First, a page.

They also raise funds for their projects by joining the Olympia Host Lions Club for the sale of Fuji apples.

They meet every Thursday at Denny’s on Martin and College Way from 7:30 am to 8:30 am, both in person and via Zoom.

Lacey Midday Lions Club

Lacey Midday Lions greets visitors to her meetings held the second and fourth Thursdays at 11 a.m. at the Clubhouse of Edge Lake Mobile Home Park, Lacey, Washington 98503

Some of their service projects include vision and hearing tests: in elementary schools in Thurston County, usually September through November. (This project is shared with the Lacey Sunrise and Lacey Lamplighter Lions Clubs.) Grade 3 Dictionary Handout: Six elementary schools in Thurston County, usually November and December. And the Lacey Fire Hall Homeless Kids Christmas Party: December event providing homeless families with baskets and children’s gifts with a gift drive the night before.

The Midday Lions Club, along with other Lions clubs in our area, actively support the Lions Eyeglass Recycle Center (LERC) which collects eyeglasses and hearing aids and spends hours inspecting, cleaning and reading the glass glasses.

Lacey Lamplighters:

Meet on Wednesday 1st and 3rd – 6 p.m. to 7 p.m. at Hawks Prairie Restaurant at 8306 Quilnault Drive Lacey

Tumwater Lions Club:

Meets monthly, on the 1st Wednesday; 6 p.m. to 8 p.m. at the American Legion Post 94, 2602 Marvin Rd SE Lacey.

Tenino Lions Club:

This Lions Club was founded in 1939 and has served its community ever since. They meet on the 2nd and 4th Thursday – 6:00 p.m., dinner at 7:00 p.m. at Quarry House – 217 Park Avenue, Tenino.

They support Future Farmers of America, Coats for Kids, Help the Blind and Visually Impaired, All Kids Win (formerly Homeless Backpacks), Dollars for Scholar Plus and the Tenino Food Bank.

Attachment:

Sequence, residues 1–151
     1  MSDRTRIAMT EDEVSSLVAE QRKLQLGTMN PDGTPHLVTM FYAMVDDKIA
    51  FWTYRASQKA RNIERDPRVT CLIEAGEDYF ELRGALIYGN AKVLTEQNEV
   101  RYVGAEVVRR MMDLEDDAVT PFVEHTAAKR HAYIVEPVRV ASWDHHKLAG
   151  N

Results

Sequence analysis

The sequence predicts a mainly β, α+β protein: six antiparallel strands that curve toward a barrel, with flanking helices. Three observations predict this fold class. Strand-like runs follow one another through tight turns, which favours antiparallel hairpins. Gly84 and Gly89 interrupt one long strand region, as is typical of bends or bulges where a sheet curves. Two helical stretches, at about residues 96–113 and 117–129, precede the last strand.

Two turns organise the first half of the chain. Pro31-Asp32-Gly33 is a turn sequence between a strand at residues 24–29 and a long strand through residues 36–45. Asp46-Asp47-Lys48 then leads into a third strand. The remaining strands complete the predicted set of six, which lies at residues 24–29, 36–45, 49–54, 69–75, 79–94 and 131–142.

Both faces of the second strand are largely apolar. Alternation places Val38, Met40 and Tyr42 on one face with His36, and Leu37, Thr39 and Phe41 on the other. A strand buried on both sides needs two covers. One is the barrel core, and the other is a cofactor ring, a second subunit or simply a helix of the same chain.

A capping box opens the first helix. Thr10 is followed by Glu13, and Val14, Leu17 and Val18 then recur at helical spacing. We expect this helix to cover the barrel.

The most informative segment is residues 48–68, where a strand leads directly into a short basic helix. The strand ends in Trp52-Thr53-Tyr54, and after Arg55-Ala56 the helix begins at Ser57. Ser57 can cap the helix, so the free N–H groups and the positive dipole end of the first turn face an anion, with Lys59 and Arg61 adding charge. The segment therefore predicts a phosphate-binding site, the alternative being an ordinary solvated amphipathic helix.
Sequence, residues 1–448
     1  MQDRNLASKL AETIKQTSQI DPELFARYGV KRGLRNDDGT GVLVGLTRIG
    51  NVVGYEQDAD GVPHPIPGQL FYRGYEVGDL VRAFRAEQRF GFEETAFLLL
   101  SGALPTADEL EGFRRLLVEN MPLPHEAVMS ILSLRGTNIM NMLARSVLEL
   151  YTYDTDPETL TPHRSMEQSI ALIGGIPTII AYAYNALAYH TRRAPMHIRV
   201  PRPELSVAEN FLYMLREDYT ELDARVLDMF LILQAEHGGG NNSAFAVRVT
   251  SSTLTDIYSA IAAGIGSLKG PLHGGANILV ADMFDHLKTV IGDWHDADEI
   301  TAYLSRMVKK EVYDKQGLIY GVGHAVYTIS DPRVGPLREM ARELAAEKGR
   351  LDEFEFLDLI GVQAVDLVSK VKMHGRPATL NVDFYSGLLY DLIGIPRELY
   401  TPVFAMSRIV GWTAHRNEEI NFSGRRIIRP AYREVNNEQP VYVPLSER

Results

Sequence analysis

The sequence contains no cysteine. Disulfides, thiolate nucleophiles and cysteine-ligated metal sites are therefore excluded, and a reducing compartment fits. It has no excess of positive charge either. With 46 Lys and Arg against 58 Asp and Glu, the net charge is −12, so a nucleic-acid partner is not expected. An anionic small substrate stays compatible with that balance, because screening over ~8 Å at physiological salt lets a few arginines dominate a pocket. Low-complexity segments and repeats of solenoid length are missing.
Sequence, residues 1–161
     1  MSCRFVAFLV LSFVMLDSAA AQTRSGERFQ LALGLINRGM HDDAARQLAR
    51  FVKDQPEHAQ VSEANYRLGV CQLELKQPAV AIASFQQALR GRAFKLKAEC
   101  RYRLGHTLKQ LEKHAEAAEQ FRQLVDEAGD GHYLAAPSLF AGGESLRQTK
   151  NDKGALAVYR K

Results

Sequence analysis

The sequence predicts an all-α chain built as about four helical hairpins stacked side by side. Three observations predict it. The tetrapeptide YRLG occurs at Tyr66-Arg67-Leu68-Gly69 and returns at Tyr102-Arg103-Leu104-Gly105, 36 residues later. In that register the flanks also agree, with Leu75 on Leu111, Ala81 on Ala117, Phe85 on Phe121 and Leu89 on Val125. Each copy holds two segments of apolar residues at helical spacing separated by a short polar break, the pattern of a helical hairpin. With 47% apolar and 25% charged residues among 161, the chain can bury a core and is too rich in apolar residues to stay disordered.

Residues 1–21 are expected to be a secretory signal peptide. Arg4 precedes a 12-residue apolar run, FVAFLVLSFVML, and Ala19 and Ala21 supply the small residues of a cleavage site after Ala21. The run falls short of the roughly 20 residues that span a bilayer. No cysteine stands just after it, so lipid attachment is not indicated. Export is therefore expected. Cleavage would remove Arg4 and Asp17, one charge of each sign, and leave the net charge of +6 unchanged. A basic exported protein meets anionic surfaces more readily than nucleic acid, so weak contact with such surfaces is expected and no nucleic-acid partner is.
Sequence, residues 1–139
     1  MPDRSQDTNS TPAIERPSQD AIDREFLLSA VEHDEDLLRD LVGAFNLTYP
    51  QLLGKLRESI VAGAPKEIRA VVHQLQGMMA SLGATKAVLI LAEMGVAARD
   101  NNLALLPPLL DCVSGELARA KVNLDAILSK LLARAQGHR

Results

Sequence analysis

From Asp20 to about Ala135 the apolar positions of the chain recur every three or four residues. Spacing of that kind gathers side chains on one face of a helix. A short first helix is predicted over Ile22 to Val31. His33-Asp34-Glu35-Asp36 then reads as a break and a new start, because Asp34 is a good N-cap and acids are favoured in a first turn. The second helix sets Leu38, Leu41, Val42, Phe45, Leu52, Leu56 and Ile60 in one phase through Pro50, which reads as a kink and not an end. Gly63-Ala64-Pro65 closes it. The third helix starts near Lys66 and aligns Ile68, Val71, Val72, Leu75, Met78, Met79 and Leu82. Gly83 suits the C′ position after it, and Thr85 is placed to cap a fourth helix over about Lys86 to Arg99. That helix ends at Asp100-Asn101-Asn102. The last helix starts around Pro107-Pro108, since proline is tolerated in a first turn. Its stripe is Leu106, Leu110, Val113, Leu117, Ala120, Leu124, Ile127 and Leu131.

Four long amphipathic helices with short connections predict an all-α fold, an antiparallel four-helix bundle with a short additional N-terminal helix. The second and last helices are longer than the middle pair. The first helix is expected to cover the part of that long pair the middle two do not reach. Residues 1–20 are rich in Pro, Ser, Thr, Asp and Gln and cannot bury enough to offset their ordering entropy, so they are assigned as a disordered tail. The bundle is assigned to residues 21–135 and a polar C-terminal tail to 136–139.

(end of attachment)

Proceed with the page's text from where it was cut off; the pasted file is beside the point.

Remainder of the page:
Yelm Lions Club

Also founded in 1939, Yelm is the only local club that has three meeting days and times – the first Monday at 6 pm; the third Tuesday at 7 a.m. and the fourth Thursday at noon.

Their locations are as follows:

Monday – Carlson Cabin; Tuesday – at M. Doug’s; Thursday: at M. Doug’s.

A very active club, Yelm supports eye exams, glasses and cataract surgery for the uninsured, Thursday night dinners for the needy, the free Christmas store for low income residents, construction wheelchair ramps for those in need, “Adopt a Highway” – – Freeway cleanup with DOT, scholarships for local high school students, Dictionary Drive for public elementary school, Boy Scout Troop sponsorship 268 and support for Camp Leo, a summer camp for diabetic children.

You can find more information about any of these clubs on their websites or Facebook pages. All clubs are accepting new members.

Kathleen Anderson writes this column weekly from her home in Olympia. Contact her at [email protected] or post your comment below.